"Blue Eggs and Ham" by Bruce Lieberman.
"Mussels" by Bruce Lieberman.
Bruce Lieberman's painting "Papaya Compost."
Bruce Lieberman in his studio in Water Mill. DANA SHAW
Bruce Lieberman in his Water Mill studio. DANA SHAW
Bruce Lieberman had only stopped at home in Water Mill for 10 minutes before he was back in his truck, on the road again.
“My Toyota has become my office,” he said.
The artist was starting his hours-long odyssey to Montauk for a late-afternoon surf, after wrapping up his summer painting class as “Professor Bruce” at Stony Brook University — and enduring 90 minutes in traffic back to the East End.
But coming out of retirement is well worth the commute, he said. He had missed the classroom, having spent nearly four decades as an art teacher, first in Mineola and then in East Hampton — not far from where he will participate in the group show, “Open Table,” starting Saturday, August 10, at BCK Fine Arts Gallery in Montauk.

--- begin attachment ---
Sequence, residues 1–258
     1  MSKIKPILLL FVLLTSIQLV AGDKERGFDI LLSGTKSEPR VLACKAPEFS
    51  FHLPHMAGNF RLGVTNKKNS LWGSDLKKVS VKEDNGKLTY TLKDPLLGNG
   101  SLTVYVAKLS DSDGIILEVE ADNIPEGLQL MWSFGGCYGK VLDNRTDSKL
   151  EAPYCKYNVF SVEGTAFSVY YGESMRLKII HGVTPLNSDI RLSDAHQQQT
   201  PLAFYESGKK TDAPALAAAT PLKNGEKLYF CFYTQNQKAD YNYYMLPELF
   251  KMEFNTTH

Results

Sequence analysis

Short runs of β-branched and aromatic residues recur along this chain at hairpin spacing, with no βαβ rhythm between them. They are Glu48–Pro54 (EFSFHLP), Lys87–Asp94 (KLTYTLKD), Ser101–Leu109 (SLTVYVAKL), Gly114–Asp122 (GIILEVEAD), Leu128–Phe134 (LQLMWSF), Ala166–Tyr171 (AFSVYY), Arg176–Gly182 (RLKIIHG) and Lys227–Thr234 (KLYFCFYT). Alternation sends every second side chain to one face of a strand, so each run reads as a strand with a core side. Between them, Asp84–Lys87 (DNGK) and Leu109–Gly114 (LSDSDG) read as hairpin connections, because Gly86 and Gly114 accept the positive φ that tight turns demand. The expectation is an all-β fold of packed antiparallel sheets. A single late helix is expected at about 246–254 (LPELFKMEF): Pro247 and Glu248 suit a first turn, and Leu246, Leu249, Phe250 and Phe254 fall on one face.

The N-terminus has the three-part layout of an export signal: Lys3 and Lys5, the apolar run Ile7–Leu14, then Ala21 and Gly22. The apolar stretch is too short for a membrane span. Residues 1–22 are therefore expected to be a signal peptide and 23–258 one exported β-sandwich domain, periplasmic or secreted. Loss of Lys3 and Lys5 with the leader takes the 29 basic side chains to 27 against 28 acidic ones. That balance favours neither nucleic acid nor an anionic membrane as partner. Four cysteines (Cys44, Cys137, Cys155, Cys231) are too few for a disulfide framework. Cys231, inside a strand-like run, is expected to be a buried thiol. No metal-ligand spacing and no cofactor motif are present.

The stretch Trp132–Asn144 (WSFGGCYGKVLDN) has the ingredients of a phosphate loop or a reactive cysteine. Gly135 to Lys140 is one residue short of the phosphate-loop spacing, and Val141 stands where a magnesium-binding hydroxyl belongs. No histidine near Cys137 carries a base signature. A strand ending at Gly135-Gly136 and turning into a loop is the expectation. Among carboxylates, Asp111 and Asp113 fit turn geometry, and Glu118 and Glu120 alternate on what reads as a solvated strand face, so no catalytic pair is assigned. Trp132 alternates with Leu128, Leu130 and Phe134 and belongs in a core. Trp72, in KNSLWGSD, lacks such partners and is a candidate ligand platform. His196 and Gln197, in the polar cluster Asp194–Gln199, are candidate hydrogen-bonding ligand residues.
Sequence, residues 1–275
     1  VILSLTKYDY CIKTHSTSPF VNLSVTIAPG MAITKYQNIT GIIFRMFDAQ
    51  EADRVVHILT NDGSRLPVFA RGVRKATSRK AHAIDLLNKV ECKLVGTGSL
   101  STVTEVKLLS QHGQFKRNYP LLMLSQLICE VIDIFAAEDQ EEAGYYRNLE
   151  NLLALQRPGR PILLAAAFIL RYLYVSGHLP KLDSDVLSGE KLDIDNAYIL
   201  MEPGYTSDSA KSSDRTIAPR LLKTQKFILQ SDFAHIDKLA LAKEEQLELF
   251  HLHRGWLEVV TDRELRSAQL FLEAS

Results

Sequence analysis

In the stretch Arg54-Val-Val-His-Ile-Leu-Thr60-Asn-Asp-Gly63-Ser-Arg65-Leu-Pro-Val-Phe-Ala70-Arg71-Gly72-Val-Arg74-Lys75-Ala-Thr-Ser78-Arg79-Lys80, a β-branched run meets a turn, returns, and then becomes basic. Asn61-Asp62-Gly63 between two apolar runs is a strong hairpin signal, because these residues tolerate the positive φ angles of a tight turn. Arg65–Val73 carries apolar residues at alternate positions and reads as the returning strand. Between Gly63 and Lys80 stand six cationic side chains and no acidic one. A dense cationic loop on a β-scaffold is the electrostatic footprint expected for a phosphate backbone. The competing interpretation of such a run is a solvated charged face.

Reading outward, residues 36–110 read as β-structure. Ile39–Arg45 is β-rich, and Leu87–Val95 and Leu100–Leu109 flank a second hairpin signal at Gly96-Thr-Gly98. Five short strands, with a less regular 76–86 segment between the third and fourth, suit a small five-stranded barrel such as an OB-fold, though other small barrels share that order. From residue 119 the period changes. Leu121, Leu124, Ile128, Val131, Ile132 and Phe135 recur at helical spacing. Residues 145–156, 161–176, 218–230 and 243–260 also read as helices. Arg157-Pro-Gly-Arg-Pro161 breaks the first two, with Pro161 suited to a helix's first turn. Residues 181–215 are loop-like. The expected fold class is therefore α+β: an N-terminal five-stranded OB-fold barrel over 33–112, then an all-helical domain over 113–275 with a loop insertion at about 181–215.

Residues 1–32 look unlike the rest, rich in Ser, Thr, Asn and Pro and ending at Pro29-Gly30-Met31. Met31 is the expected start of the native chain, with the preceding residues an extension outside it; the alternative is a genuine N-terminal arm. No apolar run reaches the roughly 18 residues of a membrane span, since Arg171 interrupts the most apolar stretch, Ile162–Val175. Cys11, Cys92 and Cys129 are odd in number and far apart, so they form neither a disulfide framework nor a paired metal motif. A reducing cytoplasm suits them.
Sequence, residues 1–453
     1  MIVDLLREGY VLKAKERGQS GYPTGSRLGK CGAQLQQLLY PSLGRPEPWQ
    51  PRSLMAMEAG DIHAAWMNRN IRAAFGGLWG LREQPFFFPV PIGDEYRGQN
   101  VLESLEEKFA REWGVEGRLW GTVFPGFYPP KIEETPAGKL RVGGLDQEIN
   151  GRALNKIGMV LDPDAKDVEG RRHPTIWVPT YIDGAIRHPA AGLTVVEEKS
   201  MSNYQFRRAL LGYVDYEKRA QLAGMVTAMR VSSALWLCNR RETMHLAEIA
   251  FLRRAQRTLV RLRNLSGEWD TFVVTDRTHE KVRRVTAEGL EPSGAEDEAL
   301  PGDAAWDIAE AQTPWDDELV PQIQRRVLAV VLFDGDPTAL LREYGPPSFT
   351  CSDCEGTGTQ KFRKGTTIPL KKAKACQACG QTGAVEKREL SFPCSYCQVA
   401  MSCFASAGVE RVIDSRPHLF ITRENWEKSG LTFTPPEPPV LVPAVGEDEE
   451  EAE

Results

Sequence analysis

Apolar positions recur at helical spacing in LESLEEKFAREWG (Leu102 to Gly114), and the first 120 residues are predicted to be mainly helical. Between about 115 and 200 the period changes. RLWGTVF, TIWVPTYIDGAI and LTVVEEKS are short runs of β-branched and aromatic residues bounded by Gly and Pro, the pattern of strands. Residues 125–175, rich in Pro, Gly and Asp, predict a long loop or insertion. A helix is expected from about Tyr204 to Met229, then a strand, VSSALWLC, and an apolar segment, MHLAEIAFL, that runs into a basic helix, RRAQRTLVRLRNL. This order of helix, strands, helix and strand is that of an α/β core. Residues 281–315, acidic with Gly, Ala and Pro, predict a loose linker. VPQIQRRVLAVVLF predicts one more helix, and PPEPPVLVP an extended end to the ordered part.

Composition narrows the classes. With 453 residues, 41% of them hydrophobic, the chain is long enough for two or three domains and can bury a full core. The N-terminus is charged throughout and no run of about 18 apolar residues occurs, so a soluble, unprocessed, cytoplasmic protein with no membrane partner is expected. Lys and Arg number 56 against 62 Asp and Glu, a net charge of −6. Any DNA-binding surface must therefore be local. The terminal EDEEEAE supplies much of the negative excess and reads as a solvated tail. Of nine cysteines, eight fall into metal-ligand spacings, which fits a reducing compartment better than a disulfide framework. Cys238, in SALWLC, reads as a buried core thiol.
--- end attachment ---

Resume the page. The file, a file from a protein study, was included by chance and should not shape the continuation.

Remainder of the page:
“When I’m home and busy, I don’t miss it. When I’m there, I miss it,” he said of teaching. “If I stayed there, it would be fine. But once I’m back in my studio, who wants to be interrupted?”
His 24-foot-by-24-foot-by-24-foot studio is a natural extension of his farmhouse-inspired home, which he built 25 years ago.
“My carpentry skills are pretty shitty, so it was the perfect aesthetic,” he said. “You have to really like that aesthetic or you’re in trouble.”
Decades later, his abilities have improved — “When I do something, it gets a little better, but not much. You still have to watch me to make sure I don’t get lazy,” he said — and his zeal for life has only maintained. Every anecdote is doused in enthusiasm, his humor ,sharp, and his unfailing inability to recall dates, consistent.
“If it wasn’t for teaching two days a week, I couldn’t tell you what day it was,” he said with a laugh. “I could tell you where the wind’s coming from and when low tide is, but I can’t tell you anything else. Like, how old am I now? I think I’m 61 or 62, something like that.”